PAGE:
Loose Ends

A very Happy New year to every one; let’s hope that we all enjoy good health and success in 2018

Having just had a lovely family Christmas with my daughter in France (freezing and cold outside but log fires and warming food in) I have taken stock of projects, ideas and goals that have, for whatever reason not been done in 2017.    Not that I wasn’t stitching when even possible but there was no telephone, doorbell or email essential to respond to.
A response we had from a recent article was from an American now living in London whose step-grandmother worked the most amazing three fold screen during the Second World War.  The theme was Alice in Wonderland and one can see from these illustrations the Mad Hatters’ Tea Party, Alice and the Queen with the Jam Tarts.   Fortunately the stitcher’s initials and the date 1944 are visible.  The lady was obviously a proficient stitcher as among the photographs I was also sent a French style Berger chair and a round cushion with flowers and a humming bird.    I believe that all these designs were the stitcher’s own ideas, should any be recognised as commercially available, please accept my apologies, with the distance of time it is virtually impossible to check.
The other information I try to give is for museums, up-coming exhibitions or events that may well be of interest to you my fellow stitchers.
The V & A has an exhibition ‘English Needlework, May Morris’ a two day class on 26 & 27 January; booking on line at their web site.   Wish I could go but sadly already busy.
The Cite Internationale de la Tapisserie Aubusson – The Nave of Tapestries – My daughter lives quite close to Aubusson (closest airport Limoges and new destination Brives) and I have been fortunate to visit this collection twice.   First when she moved there about 10 years ago and just this month.    What a transformation, interesting then but now a truly mind blowing experience.   A new beautifully custom designed building, a staggering collection of tapestries dating as early as the 15 century well hung and on a complete floor, displays, explanations of the various techniques  and materials, a small display of world tapestries and a teaching facility that, unfortunately we did not have time to explore. Oh to have the opportunity to visit that department – another time I hope. Finally be sure to pick up the excellent guide (available too in English) that has great explanations.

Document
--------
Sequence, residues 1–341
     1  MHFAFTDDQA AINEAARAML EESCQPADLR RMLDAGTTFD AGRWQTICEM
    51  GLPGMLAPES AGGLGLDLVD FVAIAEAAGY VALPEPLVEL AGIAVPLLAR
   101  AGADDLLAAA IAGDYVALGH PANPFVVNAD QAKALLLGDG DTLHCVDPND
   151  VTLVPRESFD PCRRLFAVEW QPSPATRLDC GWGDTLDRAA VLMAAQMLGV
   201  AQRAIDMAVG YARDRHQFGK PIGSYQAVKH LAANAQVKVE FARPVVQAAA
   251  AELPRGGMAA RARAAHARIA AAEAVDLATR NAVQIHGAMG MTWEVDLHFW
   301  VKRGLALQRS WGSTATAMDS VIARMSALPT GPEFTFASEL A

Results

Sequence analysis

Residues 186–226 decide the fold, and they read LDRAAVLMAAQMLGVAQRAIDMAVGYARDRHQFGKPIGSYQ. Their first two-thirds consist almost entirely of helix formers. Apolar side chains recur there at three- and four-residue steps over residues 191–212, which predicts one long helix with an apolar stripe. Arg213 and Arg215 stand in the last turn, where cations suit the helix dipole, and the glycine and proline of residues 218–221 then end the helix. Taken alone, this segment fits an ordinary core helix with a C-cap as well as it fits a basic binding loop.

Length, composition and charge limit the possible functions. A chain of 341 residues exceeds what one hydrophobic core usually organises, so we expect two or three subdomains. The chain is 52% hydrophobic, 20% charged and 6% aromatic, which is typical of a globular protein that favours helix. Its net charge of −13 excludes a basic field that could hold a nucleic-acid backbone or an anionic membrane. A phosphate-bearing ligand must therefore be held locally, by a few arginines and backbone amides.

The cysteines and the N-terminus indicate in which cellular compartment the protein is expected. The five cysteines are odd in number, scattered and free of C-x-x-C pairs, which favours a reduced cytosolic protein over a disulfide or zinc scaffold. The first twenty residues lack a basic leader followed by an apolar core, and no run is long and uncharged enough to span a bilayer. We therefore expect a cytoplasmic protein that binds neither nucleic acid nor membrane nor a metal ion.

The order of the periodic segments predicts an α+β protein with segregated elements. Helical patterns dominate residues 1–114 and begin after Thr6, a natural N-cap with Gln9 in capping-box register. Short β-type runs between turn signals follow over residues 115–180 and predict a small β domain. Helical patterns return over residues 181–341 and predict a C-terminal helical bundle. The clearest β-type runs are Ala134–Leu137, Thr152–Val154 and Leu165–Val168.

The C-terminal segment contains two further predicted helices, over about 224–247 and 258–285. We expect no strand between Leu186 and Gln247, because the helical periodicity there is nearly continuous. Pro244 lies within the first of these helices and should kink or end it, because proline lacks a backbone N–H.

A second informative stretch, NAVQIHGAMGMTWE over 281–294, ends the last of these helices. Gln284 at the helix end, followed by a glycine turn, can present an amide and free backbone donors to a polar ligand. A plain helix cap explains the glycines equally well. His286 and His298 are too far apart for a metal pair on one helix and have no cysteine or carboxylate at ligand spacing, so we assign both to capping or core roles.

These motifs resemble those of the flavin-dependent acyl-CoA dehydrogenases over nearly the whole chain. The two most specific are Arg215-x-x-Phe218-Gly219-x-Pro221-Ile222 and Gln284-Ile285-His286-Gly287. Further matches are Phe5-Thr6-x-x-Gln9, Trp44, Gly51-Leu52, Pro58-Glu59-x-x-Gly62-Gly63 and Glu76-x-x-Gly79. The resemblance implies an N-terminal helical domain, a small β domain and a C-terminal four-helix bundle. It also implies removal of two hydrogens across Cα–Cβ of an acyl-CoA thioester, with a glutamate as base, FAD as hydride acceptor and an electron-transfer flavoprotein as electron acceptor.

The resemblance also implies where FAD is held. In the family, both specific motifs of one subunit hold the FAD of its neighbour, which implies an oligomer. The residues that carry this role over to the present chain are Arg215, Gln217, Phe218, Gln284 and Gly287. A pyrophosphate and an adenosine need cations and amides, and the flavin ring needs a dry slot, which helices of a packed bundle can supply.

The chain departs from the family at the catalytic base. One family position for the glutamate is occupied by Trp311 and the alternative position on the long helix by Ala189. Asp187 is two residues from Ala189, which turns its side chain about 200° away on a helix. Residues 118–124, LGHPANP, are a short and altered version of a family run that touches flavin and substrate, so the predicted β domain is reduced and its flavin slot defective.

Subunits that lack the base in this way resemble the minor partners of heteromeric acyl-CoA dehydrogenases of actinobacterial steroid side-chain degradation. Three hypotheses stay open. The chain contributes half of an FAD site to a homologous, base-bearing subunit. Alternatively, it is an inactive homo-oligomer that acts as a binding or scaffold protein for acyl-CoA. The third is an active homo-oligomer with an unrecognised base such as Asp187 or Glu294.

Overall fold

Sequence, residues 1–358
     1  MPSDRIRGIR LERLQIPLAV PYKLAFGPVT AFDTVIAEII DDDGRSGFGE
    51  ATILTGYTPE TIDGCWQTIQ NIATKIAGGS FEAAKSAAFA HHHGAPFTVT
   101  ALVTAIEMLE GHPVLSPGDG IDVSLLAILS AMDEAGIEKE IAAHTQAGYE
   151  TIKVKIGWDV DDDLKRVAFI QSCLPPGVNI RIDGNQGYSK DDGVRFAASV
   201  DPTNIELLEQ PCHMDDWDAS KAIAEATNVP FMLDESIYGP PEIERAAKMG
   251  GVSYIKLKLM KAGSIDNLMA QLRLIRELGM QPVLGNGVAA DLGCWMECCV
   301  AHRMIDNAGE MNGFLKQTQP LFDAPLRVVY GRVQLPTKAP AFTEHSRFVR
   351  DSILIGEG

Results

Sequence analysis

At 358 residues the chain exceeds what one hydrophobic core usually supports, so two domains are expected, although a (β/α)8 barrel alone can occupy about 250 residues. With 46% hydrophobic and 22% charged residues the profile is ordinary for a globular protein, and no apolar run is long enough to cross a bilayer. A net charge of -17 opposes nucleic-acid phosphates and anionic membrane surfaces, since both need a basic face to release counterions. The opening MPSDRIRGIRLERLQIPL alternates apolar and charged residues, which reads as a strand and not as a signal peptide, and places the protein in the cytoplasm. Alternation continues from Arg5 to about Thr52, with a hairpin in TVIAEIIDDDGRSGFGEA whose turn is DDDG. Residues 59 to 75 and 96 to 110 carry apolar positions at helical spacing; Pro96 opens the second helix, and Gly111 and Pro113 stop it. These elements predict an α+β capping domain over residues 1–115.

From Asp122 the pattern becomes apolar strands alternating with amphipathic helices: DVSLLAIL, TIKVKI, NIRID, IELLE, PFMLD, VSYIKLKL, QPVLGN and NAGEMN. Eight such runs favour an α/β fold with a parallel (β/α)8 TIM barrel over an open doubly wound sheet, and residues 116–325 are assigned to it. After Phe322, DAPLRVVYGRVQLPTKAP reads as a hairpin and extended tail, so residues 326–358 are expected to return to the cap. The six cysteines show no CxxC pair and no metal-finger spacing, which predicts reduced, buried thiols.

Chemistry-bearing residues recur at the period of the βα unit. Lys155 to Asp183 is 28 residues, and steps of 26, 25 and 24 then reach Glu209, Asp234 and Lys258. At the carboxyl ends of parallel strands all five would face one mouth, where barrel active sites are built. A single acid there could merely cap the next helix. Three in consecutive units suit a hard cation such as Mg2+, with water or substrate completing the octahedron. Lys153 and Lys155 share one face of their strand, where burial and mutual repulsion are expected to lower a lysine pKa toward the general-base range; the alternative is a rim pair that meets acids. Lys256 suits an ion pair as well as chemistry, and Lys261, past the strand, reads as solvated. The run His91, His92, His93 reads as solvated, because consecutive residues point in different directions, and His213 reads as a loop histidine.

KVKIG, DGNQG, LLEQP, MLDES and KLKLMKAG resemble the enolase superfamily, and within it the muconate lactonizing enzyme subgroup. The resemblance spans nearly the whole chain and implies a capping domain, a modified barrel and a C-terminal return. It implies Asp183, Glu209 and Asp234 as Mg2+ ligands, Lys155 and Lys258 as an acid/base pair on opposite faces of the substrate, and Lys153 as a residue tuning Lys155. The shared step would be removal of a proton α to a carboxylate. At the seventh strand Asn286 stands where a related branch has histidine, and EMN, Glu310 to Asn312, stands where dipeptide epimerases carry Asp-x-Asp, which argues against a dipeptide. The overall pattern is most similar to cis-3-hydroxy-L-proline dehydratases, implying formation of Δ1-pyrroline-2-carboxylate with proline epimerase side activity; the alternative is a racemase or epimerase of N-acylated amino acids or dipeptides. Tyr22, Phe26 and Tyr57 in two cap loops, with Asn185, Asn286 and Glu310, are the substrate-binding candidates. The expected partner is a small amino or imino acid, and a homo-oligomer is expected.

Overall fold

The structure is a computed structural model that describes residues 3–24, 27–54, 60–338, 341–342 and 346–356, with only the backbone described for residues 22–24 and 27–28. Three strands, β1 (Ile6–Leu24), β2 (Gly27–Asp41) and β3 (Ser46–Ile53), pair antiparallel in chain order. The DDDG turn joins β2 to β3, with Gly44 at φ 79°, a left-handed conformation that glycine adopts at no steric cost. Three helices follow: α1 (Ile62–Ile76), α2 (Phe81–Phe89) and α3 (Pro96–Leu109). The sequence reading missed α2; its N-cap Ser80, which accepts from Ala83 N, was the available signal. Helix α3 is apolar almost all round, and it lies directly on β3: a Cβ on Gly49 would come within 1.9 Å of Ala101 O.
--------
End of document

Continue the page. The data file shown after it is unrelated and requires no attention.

This brings me on to an upcoming exhibition at the Courtauld Gallery that would augment the Aubusson collection. ‘Drawings for Catherine de Medici.
This is a Collection of artists’ drawings prepared for tapestry designs that could be woven at an atelier such as those in Aubusson and the towns close by.  In the guide already mentioned many of the tapestries list the original artist whose drawings/paintings were the inspiration for that tapestry.  Unfortunately, checking through few of the artists of that period were known – it was in the later 19 and 20th century that these records were kept. Wouldn’t it be wonderful linking this London exhibition to the museum in Aubusson that some extra provenance could be discovered?
This exhibition runs 18 January to 15th April and details can be found here.
My next blog will be out shortly and concentrates on a ‘New Look at Needlepoint’;  recently I am just so excited about ‘shadow stitching’ lacy stitches that allow painted designs show through;  I am delaying the final words till I finish a project that is to offered in Tuscany (May 2018) that employs the technique among others.
Did you have the opportunity of reading the Golden Rules of Needlepoint I posted in November; many of you let me know they really did find it helpful.  Might I suggest you check it out?

Special Thanks to the Gilmour's for their Alice photographs.


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